CO is an odorless, colorless gas produced by the combustion of fuels such as natural gas, oil and propane in devices including furnaces, water heaters and stoves. These appliances are designed to vent the CO to the outside, but incomplete combustion of fuel, improper installation, or blockages, leaks or cracks in the venting systems can cause CO to reach harmful levels inside the home. Dangerously high levels of CO can lead to incapacitation or death, with victims sometimes never having been aware they were being poisoned.
Homeowners can take action against carbon monoxide poisoning by taking the following steps:
- Never use a gas stove or oven to heat the home, even temporarily.
- Have all fuel-burning appliances professionally inspected annually, preferably before the start of the cold weather season when heaters and furnaces are first used.
- These appliances include gas stoves and ovens, furnaces and heaters, water heaters and gas clothes dryers.
- All such devices should be properly installed and vented to the outside.
- Have flues and chimneys for gas fireplaces inspected regularly for cracks, leaks, and blockages that may allow a buildup of CO to occur.
- Don’t start a vehicle in a closed garage or idle the engine in the garage even if the overhead door is open.
- Gasoline-powered generators and charcoal grills must never be used indoors.
- Install a CO detector (either battery operated, hard-wired or plug-in) and follow the manufacturer’s instructions for the proper location. Working CO detectors in residences are now required by law in most states.
- Learn what to do if the CO alarm activates. If anyone in the home experiences symptoms such as fatigue, dizziness, blurred vision, nausea, or confusion, everyone should leave immediately and seek medical attention. If no symptoms are felt, open doors and windows immediately and shut off all fuel-burning devices that may be potential sources of CO.
Enjoy the comfort and safety of home this winter and all year long.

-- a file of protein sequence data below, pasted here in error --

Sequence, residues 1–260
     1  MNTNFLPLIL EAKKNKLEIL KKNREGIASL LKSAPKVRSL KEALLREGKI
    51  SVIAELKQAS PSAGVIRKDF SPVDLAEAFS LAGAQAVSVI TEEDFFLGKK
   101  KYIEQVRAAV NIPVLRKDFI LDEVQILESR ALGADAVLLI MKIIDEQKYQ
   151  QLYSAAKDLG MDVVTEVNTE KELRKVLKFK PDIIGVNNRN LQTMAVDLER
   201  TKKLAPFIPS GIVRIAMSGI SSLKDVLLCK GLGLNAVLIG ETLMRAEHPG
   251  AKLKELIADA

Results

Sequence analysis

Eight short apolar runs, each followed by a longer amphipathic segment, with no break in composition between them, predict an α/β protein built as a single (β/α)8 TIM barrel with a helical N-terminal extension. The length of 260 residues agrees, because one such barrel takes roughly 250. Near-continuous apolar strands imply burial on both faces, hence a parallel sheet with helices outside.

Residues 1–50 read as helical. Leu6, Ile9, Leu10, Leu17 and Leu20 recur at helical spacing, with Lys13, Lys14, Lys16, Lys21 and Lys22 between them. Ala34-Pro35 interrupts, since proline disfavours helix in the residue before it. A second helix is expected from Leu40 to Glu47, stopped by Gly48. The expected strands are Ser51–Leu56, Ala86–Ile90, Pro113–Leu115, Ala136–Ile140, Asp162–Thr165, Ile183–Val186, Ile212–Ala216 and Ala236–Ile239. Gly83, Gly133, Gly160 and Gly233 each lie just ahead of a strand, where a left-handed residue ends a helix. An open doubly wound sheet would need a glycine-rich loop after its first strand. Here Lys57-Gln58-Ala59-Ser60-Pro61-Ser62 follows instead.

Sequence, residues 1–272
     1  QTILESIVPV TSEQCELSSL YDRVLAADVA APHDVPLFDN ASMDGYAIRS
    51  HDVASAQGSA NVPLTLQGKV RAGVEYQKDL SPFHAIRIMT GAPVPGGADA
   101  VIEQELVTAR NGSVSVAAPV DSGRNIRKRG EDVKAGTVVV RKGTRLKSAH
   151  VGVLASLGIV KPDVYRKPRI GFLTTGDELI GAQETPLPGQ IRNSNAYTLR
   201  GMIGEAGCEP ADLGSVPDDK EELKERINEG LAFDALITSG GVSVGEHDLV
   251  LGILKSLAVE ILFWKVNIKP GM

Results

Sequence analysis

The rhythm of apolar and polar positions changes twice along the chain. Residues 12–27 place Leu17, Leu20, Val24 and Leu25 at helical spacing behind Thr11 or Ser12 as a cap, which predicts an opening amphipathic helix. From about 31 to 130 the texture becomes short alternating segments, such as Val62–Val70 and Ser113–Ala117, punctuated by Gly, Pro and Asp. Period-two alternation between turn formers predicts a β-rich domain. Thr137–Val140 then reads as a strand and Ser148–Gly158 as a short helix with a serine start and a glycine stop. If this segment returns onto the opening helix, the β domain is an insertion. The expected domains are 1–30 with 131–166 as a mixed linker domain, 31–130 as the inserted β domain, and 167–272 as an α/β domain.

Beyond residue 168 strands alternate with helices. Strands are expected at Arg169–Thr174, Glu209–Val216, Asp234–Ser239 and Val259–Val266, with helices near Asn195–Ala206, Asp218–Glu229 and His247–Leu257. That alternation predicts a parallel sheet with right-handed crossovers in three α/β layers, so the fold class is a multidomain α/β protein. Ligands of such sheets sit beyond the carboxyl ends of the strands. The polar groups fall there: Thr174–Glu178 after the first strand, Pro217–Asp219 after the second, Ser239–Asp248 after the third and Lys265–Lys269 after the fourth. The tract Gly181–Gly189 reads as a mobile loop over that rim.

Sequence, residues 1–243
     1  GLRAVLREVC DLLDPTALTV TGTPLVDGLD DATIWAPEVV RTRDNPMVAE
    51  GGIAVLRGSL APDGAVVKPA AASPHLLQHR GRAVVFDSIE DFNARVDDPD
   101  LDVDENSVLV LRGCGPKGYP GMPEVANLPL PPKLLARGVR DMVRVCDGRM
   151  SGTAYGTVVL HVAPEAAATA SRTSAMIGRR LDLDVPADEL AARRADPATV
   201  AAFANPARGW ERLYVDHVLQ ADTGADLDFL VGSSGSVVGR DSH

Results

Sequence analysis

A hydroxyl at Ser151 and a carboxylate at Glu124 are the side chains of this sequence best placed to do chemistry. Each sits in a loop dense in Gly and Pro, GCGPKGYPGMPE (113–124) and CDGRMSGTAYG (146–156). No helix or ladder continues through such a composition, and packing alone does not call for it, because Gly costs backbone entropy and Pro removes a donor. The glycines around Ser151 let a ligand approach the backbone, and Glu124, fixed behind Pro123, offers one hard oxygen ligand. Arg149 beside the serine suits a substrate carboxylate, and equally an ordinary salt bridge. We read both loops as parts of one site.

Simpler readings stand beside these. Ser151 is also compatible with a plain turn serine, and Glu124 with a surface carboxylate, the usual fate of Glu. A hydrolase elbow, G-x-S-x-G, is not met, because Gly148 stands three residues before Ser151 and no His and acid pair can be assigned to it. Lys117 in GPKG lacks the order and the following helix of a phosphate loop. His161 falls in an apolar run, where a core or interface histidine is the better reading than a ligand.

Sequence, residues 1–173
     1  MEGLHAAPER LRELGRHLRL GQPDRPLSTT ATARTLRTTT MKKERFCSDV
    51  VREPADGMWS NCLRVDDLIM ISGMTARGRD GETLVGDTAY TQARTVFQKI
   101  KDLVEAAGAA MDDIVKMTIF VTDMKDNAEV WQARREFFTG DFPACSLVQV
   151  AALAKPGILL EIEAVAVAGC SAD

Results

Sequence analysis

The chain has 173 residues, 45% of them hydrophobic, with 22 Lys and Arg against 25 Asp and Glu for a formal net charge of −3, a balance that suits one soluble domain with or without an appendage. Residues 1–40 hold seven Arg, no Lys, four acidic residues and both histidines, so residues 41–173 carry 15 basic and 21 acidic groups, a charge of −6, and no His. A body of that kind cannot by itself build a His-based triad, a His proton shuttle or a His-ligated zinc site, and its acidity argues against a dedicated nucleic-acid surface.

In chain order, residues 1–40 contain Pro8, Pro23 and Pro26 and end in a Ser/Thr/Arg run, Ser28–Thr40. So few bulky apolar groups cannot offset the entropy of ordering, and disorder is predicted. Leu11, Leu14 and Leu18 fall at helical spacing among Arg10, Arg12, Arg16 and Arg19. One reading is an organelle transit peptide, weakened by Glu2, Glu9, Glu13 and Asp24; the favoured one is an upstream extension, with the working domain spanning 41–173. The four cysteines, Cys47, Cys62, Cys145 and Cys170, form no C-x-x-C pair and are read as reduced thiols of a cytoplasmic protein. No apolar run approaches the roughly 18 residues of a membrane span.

Given that as much as 25% of household energy costs go to heating water, it makes sense to evaluate various systems with an eye toward saving both energy and money. Here we take a look at some of the water heater options for homeowners to consider.
Storage (Tank) Water Heaters – These are by far the most common type of residential water heater. Once the water in the tank reaches the desired temperature, the heater cycles on and off to maintain the temperature of the water. Most of us know the phenomenon of running out of hot water after family members take one shower after another; this will happen if the tank’s storage capacity is insufficient to meet demand. Whether water is being used or not, the heater must still fire on and off to keep the contents of the tank hot. While tank heaters are an affordable option, it is quite inefficient to keep a tank of water hot all day.
Tankless (Demand) Water Heaters – Rather than being stored in a tank, water is rapidly heated by gas or electricity when the faucet is turned on. Because it reaches the desired temperature so quickly, much less water is wasted while waiting for hot water to flow through the faucet; however, the results are not truly instantaneous. Tankless systems normally cost more up front than a conventional storage water heater, so homeowners should take that into account along with what type, size, and location makes the most sense for them.